Google says Epic’s Play Store demands are too much and too self-serving

Epic Games won the antitrust case against Google in December, when a federal jury found the latter violated US antitrust laws over how it operated the Play Store. A few months later, the game developer presented a list of requirements that, if implemented, would be Open the Play Store wide. Now, Google has filed a court order saying that no, it won’t give Epic what it wants without a fight, because what the company is asking is “far beyond the track record.”

Epic’s tools not only require the court to create a global regulatory regime to set prices for apps, Google writes in the filing, as seen by Engadget, but also to micromanage a “highly complex and dynamic ecosystem” used by billions of consumers. and software developers worldwide. As you may recall, Epic wants Google to open up Android to third-party app stores and make its catalog of apps available to those stores. It also wants restrictions on pre-installed apps to be outlawed and any Google activity that encourages third parties to be banned.

Google said bowing to all these demands would “effectively prevent [it] Discouraging “competition”, which in turn will have a negative impact on Android users and developers. Epic’s proposals only benefit Epic, Google said in its filing, and would hurt other developers by denying them control over where their apps are distributed. Manufacturers will no longer be able to do this. to take advantage of the partnerships Google typically offers, while users must face additional security and privacy risks.

The company also criticized Epic for the “vagueness” of its proposed order, which would require repeated and ongoing intervention by the courts. Similarly, Epic’s demands would require the court to micromanage Google’s business.

“Epic’s demands will harm the privacy, security, and overall experience of consumers, developers, and device manufacturers,” Wilson White, Google’s Vice President of Government Affairs and Public Policy, told Engadget. “Not only does their proposal go beyond the scope of the recent US court decision – which we will challenge – it is also unnecessary because of the agreement we reached last year with Attorneys General from every state and many territories. We will continue to do so. We need to keep people safe.” , we strongly defend our right to a sustainable business model that allows us to partner with developers to innovate and grow their businesses, and to maintain a thriving Android ecosystem for everyone.”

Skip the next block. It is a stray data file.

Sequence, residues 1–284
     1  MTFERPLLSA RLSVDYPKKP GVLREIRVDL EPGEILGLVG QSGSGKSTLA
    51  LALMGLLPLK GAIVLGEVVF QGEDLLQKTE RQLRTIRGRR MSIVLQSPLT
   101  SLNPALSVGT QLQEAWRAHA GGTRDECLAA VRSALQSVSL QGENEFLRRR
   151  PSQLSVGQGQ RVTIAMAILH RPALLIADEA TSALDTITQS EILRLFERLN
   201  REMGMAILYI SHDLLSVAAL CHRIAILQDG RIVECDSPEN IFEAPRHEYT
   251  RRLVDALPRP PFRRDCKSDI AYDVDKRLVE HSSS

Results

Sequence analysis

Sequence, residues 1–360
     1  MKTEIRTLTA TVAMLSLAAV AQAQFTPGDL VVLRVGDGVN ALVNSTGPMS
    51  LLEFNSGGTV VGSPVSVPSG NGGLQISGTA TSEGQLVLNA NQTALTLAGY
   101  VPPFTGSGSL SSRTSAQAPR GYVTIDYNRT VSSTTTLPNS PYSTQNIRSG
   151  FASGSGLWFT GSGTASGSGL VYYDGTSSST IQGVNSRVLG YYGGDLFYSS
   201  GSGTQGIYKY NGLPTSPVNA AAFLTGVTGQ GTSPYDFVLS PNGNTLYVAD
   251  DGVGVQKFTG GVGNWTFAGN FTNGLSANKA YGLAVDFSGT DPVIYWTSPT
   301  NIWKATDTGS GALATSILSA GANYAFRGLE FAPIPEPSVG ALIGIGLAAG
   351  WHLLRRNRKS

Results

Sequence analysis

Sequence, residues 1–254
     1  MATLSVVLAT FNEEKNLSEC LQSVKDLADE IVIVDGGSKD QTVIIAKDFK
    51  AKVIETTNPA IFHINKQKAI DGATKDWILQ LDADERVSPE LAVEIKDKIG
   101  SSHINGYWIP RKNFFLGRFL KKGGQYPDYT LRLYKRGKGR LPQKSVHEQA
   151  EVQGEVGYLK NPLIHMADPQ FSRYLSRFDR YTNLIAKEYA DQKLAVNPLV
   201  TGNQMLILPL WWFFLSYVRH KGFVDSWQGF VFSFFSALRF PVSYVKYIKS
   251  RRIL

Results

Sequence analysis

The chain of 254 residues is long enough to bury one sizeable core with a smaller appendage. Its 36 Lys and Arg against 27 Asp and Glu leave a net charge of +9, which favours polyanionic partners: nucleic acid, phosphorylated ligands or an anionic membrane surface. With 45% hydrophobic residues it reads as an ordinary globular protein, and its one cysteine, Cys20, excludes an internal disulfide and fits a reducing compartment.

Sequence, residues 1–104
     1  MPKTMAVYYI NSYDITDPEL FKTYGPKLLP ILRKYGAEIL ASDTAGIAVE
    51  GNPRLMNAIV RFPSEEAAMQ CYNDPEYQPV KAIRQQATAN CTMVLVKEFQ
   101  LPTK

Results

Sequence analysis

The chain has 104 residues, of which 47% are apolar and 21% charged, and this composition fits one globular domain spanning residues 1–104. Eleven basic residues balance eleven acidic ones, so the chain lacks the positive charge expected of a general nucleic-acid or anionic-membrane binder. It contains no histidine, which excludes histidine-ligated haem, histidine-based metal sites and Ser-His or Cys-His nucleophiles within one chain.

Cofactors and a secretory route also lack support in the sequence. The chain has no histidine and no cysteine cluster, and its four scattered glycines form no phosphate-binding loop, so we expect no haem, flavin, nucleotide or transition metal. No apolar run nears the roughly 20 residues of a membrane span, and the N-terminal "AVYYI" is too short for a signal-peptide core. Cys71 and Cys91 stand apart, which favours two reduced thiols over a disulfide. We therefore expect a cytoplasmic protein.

Google said that if Epic really wants to promote competition instead of creating an “unfair, judicially enforceable advantage for itself,” then it will take cues from its settlement with government officials who previously accused the company of abusing its dominance in Android app distribution. . Epic Games CEO Tim Sweeney, unsurprisingly, unhappy with this settlement, tweet at the time: “If Google ends its payments monopoly without imposing a Google Tax on third-party transactions, we will agree and be friends with Google in their new era. But when leaving the Google Tax, the settlement simply pays other bidders. We not only open antitrust app markets to consumers, but also price if it restores its competition, we will benefit from it.”

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